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Why call Di Canio a fascist and not Clough homophobic?

Leela Prasad
FEATURED WRITER

Gabrielle Marcotti, journalist and broadcaster, has spent the last 24 hours on Twitter, fiercely defending Paolo Di Canio’s political views. On any given Sunday, Di Canio’s appointment as the new manager of Sunderland FC would not have raised such a furore. But David Miliband, a Labour party MP from South Shields stepped down from his position of non-executive vice-chairman at the club because of “the new manager’s past political statements”.

If not for Miliband’s statement about Di Canio, the English press would have probably picked another angle for this story. Perhaps, about his inexperience as a manager, and rounded off the article with a brief mention of his past. Like when he was appointed as the manager at Swindon Town.

Miliband, knowingly or unknowingly, thrust Di Canio into the limelight. There is so much spin on this news that it is turning into a political story. And Miliband was put on a pedestal. What fans need to realise is that they need Di Canio, not Miliband, to save Sunderland from relegation. The role of a non-executive vice-chairman at Sunderland is moot. Clearly, a non-executive vice-chairman does not influence the team as much as a manager does on the pitch.

Miliband is set to resign as an MP too, and move to New York, to take charge as president and chief executive of the International Rescue Committee. So he would have stepped down from his position at Sunderland, in the future if not now, regardless of Di Canio’s appointment.

It is fair to raise the question whether Miliband would have left Sunderland if he had not been appointed as president and chief executive of the IRC. Because, the IRC was founded by Albert Einstein to aid those who escaped from the racial persecution by Adolf Hiltler. And, later on, they extended their help to those who suffered similar fate under fascist dictators like Benito Mussolini and Francisco Franco.

Paolo Di Canio, on the other hand, is a self-confessed fascist, and had even tattooed Mussolini’s title -  Il Duce - as a tribute to the leader. If all this was not enough, to get his point across, he made a “Roman Salute” in front of the Lazio fans during a Serie A match. Hence, if Miliband stayed on as the non-executive vice-chairman, it would have been a conflict of interest for his role at IRC. No politician would risk bad press, especially Miliband, who is brother of the leader of the opposition in the House of Commons. It is not like he is losing money by quitting from the post. It is a non-executive role, which means he is not on Sunderland’s payroll, because an MP cannot hold an office of profit.

It is not only a matter of conflict of interest, it is a conflict of his party’s principles. Similarly, when Di Canio was at Swindon Town, GSM withdrew its sponsorship citing Di Canio’s past actions. Outside football, GSM donates large sums of money to the Labour party’s fund.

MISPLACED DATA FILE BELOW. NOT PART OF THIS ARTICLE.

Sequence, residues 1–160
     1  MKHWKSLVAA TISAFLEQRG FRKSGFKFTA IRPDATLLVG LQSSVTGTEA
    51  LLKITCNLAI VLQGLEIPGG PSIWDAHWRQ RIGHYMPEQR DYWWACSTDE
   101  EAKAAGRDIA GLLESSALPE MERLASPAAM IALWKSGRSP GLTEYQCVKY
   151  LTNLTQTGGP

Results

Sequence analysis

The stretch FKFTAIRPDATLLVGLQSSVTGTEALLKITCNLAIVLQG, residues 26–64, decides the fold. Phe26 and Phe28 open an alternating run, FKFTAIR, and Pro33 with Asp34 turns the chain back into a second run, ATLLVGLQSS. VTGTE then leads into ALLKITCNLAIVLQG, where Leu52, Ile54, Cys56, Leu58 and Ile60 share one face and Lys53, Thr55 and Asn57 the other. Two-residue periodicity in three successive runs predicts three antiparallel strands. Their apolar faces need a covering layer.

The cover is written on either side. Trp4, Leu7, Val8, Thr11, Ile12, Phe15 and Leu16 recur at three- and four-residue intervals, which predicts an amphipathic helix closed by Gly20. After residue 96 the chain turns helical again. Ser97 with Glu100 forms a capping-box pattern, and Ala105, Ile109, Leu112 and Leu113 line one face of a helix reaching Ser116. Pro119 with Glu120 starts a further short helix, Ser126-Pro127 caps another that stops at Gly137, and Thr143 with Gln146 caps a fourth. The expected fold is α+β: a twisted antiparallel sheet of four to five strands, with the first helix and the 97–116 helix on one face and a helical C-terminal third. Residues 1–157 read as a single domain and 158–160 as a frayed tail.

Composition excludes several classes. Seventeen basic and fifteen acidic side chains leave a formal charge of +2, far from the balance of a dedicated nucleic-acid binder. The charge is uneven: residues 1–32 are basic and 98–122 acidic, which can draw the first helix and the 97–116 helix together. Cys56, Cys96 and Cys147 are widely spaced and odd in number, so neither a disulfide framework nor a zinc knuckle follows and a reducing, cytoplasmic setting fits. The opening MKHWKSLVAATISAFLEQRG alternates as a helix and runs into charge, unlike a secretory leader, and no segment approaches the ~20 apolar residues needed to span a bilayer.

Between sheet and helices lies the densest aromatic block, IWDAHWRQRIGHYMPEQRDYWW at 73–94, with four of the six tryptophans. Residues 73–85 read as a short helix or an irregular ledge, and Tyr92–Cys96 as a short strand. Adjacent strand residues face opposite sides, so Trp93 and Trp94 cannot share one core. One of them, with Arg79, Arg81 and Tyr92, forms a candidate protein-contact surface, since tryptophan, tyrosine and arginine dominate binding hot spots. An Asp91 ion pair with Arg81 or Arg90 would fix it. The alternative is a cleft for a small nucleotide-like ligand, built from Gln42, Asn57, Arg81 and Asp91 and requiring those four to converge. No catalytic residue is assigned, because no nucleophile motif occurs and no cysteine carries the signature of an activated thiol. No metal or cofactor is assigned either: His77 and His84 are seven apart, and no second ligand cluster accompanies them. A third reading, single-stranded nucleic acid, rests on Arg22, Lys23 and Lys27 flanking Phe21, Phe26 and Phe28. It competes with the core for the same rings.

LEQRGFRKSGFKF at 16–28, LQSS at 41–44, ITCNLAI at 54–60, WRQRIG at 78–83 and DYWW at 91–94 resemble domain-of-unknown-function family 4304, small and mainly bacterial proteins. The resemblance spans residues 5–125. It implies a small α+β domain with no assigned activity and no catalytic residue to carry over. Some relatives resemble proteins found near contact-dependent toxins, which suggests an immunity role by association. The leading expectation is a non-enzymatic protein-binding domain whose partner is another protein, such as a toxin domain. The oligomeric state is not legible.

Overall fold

Marcotti, on Twitter, has been patiently trying to clarify that Di Canio is not a Neo-Nazi. According to him, the “Roman salute” was made in a different context. Marcotti may not be the best man to testify Di Canio’s character without being partial; after all, he has ghost written Di Canio’s autobiography. “I am fascinated by Mussolini,” Di Canio wrote. “I think he was a deeply misunderstood individual. He deceived people. His actions were often vile. But all this was motivated by a higher purpose. He was basically a very principled individual. Yet he turned against his sense of right and wrong. He compromised his ethics.”

Dan Hodges, a Telegraph commentator who has worked at the Labour party and GSM, suggests fans should boycott Sunderland because Di Canio is a fascist. I couldn’t find a similar outburst, in the Telegraph, to boycott Nottingham Forest, when Brian Clough banned Justin Fashanu from training with the rest of the team because he was gay. He was pushed out of the club, and had to endure homophobic comments from Clough during his time at Nottingham. However, the legendary Clough is never remembered as a homophobe. Fans do not weigh his success on the field against his personal views. In all fairness to Clough, that was the 80s, and he has mellowed since then. He said to the Observer in 2003 that his reaction to Fashanu’s revelation about his sexuality was one of his great regrets.

Brian Clough never faced a similar outburst despite his homophobic comments

Di Canio’s controversial autobiography was published 12 years ago, and it has been seven years since he made his infamous Roman salute. Sunderland are now two places above the  relegation zone; with just seven league games left for Sunderland to play this season, they need a man like Di Canio, who had the temerity to tell Fabio Capello to go f*** himself.


Edited by Staff Editor
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